Johnson's Landscaping logo
Rated 4.6/5.0 on 130+ Google Reviews
Multiflex logo

Call us Today

Keeping Your Plants Healthy in Heat and Drought

Aug 1, 2023 | Gardens

Summer is a season of fun. Yet, with the rising mercury, it’s not just us humans who feel the heat; our green friends in the garden do too! As the sun blazes down, plants can wilt, droop, or even perish. But fear not! Just as we have our summer survival strategies (hello, lemonade and wide-brimmed hats!), our plants can thrive with extra care and attention.

Watering Newly Planted Trees and Shrubs

Watering is perhaps the most fundamental aspect of gardening. Proper hydration can be the difference between a thriving plant and a withering one, especially during the warmer months. For newly planted trees and shrubs, establishing a solid watering regimen is crucial for their health and longevity. Let’s delve into the importance of keeping these plants moist throughout their first year and how to best do it.

1. The Importance of Consistent Hydration Newly planted trees and shrubs are in their most vulnerable stage. Their root systems are not fully developed, making it harder for them to extract the water they need from the soil. Consistent moisture allows these roots to grow deep and strong, anchoring the plant firmly into the ground and enabling it to access the nutrients it needs.

2. Structured Watering Regimen The first six weeks after planting are vital for root establishment. A robust watering schedule helps in this:

  • First Three Weeks: A deep soak three times a week ensures the roots remain moist. It’s crucial to penetrate the soil thoroughly, allowing water to reach deeper root zones. This frequent watering cycle supports the initial shock a plant goes through when transplanted into a new environment.

  • Weeks Four to Six: As the roots begin to establish, you can reduce watering to twice a week. This still provides ample hydration but encourages the roots to grow deeper in search of water.

  • Balance of the Year: For the rest of the year, a weekly thorough soak is generally adequate. However, this does not negate the importance of keeping an eye on the soil’s moisture levels. Even if it rains, do not skip this watering, as rainwater may not sufficiently penetrate the soil to reach the deeper roots.

3. Over-watering: A Rare Issue The concept of “over-watering” is a bit misleading. While it’s possible to give plants more water than they need, it’s rare, especially with young trees and shrubs. What’s more important is ensuring that the soil drains well, preventing water from stagnating at the roots. If you’re unsure about the moisture level, it’s better to err on the side of providing more water than less.

4. Wilting: An Alarm Bell Wilting leaves are nature’s SOS. It’s often a clear indication that the plant isn’t receiving enough water. If you notice any wilting, act immediately, giving the plant a thorough soaking and then adjusting your watering routine accordingly.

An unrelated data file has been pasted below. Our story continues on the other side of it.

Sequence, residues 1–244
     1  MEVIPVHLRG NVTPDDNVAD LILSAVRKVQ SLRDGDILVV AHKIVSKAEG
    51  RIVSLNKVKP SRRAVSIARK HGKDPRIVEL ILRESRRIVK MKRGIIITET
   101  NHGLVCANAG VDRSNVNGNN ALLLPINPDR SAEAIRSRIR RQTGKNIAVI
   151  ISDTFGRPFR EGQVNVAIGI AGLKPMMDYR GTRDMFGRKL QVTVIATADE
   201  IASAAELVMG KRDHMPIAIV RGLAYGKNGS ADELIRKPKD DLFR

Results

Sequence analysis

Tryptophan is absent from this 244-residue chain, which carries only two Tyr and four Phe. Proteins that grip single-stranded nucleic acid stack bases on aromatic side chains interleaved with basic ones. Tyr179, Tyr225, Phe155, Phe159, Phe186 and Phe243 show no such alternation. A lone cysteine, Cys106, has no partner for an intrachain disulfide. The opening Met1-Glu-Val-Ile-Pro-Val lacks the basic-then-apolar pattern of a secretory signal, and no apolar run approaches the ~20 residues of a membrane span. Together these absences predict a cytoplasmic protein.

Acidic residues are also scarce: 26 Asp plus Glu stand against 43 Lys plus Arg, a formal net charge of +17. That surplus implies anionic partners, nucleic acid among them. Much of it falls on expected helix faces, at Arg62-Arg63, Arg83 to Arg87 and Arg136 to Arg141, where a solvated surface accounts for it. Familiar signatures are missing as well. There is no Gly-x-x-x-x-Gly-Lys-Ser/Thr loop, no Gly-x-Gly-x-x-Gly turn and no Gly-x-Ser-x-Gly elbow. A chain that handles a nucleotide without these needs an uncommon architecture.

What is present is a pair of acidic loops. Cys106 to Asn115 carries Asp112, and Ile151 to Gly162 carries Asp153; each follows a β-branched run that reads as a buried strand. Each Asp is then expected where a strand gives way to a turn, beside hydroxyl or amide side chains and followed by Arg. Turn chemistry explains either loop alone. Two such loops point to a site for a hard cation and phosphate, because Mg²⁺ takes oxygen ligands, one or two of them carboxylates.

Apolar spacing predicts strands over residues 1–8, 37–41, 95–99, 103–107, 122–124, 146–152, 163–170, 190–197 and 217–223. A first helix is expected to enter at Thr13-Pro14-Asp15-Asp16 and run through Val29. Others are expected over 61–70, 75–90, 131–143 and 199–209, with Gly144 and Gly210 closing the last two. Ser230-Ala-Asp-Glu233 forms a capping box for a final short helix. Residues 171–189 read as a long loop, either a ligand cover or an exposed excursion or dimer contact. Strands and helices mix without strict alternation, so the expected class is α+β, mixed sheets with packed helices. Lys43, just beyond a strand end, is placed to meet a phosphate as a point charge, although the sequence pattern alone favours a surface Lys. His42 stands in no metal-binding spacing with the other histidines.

Watering in a Drought Situation

Watering is best done with an open-ended hose at a slow trickle or with the use of a soaker hose. Water should soak down around the deep roots of the plant. This takes a varying amount of time depending on the condition, slope, etc. of the soil around each plant. Ten to twenty minutes of a slow trickle may be necessary to attain deep watering. Check the soil down deep to be sure water is not just running off in another direction. Watering in the early morning and/or late afternoon (after 4:00 pm) is generally best.

Another faster and better way to water is to poke a hole in the soil next to the root ball of the plant. Root balls vary in size depending on the maturity of the plant. Average root balls being 12″ to 18″ in diameter. You should attempt to make the hole large enough and deep enough to insert a garden hose into the hole so there is no appreciable run off. Continue to use a slow trickle but this will allow you to water most plants in 5 minutes or less. You may have to use two or more holes for watering depending on the size of the plant.

The Reason for and Importance of Deep Watering

As plants begin to dry out the roots always seek moisture. If the plants are watered on the top two or three inches then the roots reach toward moisture at the surface. Then when the surface ground dries out, the roots become damaged and weak. If the plant is watered deeply at the bottom of the root ball and below, the roots go downward seeking the moisture and the plant root system becomes stronger. Note: Do not use any fertilizer at this time.

Claim a Free Consultation

About the Author

Matt Johnson grew up in a family of landscapers and gardeners as the grandson of Raymond Johnson (Founder, 1933, Johnson's Florist and Garden Center) and son of James and Carol Johnson (Founders, 1960, Johnson's Landscaping Service, Inc.). Since 2007, he has led Johnson's Landscaping Service with his brother, Charlie.  Matt and his wife Jaime live in Petworth in Northwest DC with their 3 sons and 2 big dogs.

20% OFF September SALE!
20% OFF All Landscaping Projects that Start in September 2023

Offer is valid for all new planting and new construction projects over $2,500 that start by 9/30/23.
Cannot be combined with other offers.


50% Off Your First Month of Landscape Maintenance

50% OFF your first month landscape maintenance 


Offer is only valid on new landscape maintenance contracts that run through December 31, 2023.
Cannot be combined with other offers.


Save 100% with your FREE Landscape Consultation!

We answer phones Monday-Friday 8-5. If you have questions, please call (301) 656-6414.

Get in Touch


Social Media

Mailing Address

PO Box 459 Olney-Laytonsville Road
Olney, MD 20832

Johnson's Landscaping logo

Our Locations

7201 Brookville Road
Chevy Chase, MD 20815


5011 Olney-Laytonsville Road
Olney, MD 20832